Many of you here today, and when I say fixate, those of you who know my colleagues can understand exactly what I mean by that. Many of you know Rusty Robertson and Sue Schwartz, the members of our team who oversee this incredible relationship with MLB. The other cofounders include the journalist and talk show host Katie Couric; Sherry Lansing, the former CEO of Paramount Pictures; Lisa Paulson, the CEO of the Entertainment Industry Foundation; nonprofit executive Ellen Ziffren; cancer survivor Noreen Fraser; and the legendary film producer Laura Ziskin, who we lost to breast cancer last year.

With an unprecedented commitment from the major television networks to donate the air time for a simultaneously broadcast fundraising event and wonderful guidance from top scientists about how we should go about supporting team of researchers, we were ready to embark on our fundraising efforts. And through a serendipitous turn of events, our inaugural pitch meeting was with MLB.

The plea was impassioned, the response was quick. MLB was in as Stand Up To Cancer's founding donor.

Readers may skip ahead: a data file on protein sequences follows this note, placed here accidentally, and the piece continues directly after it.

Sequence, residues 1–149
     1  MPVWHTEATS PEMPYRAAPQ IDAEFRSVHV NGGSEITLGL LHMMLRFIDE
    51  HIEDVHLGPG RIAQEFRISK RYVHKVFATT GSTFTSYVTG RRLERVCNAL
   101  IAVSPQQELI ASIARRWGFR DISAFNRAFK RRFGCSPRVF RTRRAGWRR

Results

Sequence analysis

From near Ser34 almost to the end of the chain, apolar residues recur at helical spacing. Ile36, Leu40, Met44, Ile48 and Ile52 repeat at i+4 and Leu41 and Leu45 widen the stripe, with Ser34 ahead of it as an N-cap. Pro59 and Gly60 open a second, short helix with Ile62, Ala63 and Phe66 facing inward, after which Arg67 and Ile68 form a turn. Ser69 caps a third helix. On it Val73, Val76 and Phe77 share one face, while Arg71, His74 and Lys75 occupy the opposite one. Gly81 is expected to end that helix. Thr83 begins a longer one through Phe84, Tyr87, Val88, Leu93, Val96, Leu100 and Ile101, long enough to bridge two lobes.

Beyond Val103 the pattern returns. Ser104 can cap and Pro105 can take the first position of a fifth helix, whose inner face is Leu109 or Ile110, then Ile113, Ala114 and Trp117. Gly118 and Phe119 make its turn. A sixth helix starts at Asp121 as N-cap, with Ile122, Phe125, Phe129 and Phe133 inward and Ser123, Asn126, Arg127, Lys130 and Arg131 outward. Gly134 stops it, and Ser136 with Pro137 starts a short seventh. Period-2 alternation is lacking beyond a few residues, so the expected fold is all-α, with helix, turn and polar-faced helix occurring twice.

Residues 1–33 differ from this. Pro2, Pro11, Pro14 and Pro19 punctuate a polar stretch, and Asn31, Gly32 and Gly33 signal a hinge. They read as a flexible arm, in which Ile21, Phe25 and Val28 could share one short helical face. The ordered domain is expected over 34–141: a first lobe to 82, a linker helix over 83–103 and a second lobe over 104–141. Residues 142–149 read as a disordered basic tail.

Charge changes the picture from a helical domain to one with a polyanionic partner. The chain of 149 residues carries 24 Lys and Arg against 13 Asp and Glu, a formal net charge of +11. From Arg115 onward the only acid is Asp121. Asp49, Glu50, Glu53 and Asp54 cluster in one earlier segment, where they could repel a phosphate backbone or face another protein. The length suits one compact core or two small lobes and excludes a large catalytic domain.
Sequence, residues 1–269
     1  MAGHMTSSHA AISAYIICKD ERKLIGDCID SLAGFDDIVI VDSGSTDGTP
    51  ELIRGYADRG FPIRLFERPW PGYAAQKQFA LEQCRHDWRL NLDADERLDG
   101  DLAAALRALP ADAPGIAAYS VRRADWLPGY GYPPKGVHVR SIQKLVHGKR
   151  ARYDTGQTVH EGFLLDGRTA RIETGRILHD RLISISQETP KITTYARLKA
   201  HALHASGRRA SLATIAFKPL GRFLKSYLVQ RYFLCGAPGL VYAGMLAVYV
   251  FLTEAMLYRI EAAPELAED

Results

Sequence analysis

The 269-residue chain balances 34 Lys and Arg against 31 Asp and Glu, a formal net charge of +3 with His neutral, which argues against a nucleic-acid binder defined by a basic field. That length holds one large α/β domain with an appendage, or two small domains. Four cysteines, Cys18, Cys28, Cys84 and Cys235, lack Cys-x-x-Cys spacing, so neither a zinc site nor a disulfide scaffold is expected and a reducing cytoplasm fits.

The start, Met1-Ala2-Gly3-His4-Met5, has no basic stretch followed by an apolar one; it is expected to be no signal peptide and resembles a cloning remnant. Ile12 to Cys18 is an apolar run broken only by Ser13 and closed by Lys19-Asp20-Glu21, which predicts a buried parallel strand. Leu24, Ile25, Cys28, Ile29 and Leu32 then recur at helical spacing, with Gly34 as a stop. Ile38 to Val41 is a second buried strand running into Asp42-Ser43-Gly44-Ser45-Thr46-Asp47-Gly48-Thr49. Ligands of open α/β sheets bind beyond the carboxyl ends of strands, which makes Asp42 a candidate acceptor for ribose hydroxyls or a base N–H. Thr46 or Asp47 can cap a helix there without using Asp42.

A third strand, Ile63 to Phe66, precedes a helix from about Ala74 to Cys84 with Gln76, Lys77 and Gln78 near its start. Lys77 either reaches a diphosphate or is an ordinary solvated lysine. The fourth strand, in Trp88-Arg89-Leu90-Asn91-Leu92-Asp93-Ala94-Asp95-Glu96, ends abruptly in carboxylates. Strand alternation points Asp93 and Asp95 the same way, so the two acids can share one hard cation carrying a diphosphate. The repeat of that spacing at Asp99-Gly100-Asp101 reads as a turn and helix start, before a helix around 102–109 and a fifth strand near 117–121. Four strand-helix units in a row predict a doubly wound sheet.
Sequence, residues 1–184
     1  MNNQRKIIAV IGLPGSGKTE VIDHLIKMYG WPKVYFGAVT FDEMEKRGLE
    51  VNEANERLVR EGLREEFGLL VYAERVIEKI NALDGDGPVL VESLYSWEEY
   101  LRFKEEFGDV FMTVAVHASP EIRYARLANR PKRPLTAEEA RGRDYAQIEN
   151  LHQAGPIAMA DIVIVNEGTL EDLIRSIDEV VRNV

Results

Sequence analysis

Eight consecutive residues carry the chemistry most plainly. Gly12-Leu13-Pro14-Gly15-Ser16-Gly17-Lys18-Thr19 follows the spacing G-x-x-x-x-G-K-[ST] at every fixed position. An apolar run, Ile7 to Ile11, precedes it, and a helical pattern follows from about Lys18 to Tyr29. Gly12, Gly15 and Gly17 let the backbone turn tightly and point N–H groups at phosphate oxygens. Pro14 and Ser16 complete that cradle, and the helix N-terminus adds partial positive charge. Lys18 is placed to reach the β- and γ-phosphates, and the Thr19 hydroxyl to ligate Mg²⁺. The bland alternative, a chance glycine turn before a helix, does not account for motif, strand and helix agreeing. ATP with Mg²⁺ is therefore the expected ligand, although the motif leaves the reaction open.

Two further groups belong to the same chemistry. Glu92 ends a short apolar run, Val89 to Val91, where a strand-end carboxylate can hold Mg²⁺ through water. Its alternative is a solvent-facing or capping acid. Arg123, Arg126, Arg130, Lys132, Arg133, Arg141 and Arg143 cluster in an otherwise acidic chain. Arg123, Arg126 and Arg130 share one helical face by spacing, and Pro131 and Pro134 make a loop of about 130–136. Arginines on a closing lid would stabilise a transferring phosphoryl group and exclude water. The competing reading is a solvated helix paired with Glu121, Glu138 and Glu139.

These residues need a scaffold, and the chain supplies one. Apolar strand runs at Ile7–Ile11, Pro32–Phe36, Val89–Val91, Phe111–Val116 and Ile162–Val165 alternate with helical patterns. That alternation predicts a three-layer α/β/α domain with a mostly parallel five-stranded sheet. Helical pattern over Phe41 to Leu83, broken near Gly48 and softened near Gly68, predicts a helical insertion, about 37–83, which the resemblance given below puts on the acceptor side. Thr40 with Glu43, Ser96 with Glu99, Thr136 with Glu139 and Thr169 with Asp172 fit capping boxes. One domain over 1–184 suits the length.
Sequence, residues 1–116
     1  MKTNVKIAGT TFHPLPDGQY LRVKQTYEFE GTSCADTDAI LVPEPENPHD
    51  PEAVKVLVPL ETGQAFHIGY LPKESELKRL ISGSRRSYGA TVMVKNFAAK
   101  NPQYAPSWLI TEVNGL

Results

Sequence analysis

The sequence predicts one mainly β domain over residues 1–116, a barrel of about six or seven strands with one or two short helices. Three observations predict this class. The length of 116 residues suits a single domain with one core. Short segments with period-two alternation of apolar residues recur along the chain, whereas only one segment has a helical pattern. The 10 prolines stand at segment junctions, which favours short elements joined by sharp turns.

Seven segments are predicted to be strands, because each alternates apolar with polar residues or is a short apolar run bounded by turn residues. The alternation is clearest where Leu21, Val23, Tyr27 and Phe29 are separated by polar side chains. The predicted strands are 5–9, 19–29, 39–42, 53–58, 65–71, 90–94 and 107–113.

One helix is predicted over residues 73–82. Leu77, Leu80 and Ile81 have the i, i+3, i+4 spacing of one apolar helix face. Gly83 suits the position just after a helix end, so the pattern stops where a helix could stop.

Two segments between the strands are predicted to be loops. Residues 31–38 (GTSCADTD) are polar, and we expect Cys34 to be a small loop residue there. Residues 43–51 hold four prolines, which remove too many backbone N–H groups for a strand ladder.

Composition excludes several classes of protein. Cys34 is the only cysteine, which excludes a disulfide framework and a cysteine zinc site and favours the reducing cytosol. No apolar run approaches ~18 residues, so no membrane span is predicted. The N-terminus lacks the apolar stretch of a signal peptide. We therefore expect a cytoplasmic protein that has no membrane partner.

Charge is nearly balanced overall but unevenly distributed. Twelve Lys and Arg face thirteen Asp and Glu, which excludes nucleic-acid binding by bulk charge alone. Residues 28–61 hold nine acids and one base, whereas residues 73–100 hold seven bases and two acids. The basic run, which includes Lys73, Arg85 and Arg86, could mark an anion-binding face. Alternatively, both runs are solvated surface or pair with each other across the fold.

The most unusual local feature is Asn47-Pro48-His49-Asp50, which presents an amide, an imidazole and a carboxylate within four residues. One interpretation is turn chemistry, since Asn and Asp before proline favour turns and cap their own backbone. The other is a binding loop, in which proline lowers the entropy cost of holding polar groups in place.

Commissioner Selig and the owners chose to support this brand new initiative, gave us critical legitimacy and stature. It was key to our ability to persuade other major donors to step up in those very early days.

Fast forward to today, which is less than five years later, there are eight research dream teams that have been established, 26 young investigators who are doing high risk work that has the potential for very high reward in terms of saving lives.

Next week we're due to announce our ninth team, and with that, the total of scientists working together through SU2C will be more than 400. Prior to this initiative, there really was no major funding mechanism that facilitated a doctor at UCLA working with a doctor at M.D. Anderson working with someone at Sloan Kettering in New York, so this is truly revolutionary in the cancer world. Stand Up simply wouldn't be here today without Commissioner Selig, the whole MLB organization and all of the incredible staff members at each and every club.